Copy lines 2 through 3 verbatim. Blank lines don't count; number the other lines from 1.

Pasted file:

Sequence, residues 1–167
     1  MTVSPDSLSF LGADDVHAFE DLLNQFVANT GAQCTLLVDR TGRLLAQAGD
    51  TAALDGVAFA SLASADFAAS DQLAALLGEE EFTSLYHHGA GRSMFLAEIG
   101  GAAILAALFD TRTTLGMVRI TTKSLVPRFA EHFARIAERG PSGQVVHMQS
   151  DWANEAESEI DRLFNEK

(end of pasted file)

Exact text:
     1  MTVSPDSLSF LGADDVHAFE DLLNQFVANT GAQCTLLVDR TGRLLAQAGD
    51  TAALDGVAFA SLASADFAAS DQLAALLGEE EFTSLYHHGA GRSMFLAEIG